When thinking about artists and their muses, one inspiring pairing immediately comes to mind . . . that of David Hockney and his best friend, textile designer Celia Birtwell (who was also muse and wife to Ossie Clark). This triumvirate of characters has been tantamount to my aesthetic development, as we're talking about one of my all-time favorite painters on Earth, one of my absolute personal-style ideals, and a designer whose frocks I could wear solely until my very last breath. Being that Celia has the dreamy eyes and fair ringlets of a Botticelli goddess, Hockney was naturally drawn to her, stating that . . .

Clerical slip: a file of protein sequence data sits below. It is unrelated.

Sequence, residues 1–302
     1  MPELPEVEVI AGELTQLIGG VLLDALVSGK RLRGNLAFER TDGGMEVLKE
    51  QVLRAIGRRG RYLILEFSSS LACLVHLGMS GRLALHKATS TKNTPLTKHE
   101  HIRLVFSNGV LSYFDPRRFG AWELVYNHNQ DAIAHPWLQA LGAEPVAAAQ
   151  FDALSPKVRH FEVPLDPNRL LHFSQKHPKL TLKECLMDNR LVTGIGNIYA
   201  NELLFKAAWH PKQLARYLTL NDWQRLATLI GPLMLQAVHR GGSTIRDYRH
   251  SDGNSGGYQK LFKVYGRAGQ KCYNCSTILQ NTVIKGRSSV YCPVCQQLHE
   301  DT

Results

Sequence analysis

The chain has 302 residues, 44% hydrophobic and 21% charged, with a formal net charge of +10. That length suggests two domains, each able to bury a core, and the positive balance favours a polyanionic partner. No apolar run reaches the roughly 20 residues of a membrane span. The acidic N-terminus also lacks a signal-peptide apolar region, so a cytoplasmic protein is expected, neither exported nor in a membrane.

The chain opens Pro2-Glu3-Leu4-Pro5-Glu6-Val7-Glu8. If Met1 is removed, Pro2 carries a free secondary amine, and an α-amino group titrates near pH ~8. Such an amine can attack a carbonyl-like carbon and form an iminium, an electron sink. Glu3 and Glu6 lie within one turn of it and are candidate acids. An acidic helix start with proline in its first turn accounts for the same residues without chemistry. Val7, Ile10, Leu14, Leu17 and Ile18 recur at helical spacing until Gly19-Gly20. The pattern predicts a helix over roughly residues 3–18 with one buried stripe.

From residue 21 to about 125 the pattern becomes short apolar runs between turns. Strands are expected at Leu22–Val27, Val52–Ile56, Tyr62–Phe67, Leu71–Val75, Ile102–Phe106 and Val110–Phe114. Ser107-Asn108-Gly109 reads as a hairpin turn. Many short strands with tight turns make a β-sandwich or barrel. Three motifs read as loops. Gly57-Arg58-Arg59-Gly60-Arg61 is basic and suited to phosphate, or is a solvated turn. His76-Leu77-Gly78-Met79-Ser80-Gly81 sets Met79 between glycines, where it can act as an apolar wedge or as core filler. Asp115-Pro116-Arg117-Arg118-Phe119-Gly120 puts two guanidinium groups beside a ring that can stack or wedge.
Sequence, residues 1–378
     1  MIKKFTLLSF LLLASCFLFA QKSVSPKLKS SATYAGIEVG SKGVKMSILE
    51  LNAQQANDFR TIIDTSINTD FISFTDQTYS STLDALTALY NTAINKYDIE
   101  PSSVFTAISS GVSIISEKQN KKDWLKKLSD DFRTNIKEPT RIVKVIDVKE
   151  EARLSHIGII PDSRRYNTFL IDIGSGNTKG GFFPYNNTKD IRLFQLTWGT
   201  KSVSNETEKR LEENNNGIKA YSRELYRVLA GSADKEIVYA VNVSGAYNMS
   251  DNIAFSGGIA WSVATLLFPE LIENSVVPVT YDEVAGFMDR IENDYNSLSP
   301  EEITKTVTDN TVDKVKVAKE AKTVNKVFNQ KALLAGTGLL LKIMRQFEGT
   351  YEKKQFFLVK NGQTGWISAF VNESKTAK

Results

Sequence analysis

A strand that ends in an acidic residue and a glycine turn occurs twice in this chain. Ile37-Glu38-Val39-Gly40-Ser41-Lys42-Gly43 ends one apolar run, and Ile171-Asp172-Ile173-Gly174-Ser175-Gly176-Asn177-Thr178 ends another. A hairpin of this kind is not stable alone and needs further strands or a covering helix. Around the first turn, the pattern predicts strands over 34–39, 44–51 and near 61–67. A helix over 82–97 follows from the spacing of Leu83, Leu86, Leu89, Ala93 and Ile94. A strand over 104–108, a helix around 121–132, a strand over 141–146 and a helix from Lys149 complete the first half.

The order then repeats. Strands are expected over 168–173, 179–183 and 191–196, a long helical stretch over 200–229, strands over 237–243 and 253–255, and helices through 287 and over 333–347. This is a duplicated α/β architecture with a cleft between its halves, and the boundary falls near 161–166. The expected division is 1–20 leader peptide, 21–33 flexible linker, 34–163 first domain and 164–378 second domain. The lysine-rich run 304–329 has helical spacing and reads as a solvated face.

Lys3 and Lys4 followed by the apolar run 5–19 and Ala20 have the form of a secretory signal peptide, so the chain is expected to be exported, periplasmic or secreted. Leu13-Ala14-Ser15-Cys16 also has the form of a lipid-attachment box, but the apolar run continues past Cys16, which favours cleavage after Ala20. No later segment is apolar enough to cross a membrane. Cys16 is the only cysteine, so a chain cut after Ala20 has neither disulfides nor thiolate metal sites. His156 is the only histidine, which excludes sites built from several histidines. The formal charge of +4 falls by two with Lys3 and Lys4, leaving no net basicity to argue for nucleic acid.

"Celia has a beautiful face, a very rare face with lots of things in it which appeal to me. It shows aspects of her, like her intuitive knowledge and her kindness, which I think is the greatest virtue. To me she's such a special person … Portraits aren't just made up of drawing, they are made up of other insights as well. Celia is one of the few girls I know really well. I've drawn her so many times and knowing her makes it always slightly different. I don't bother getting the likeness in her face because I know it so well. She has many faces and I think if you looked through all the drawings I've done of her, you'd see that they don't look alike."
Here are some of my favorites from Hockney's endless archive of Celia studies, which he first began in 1968 and continues adding to: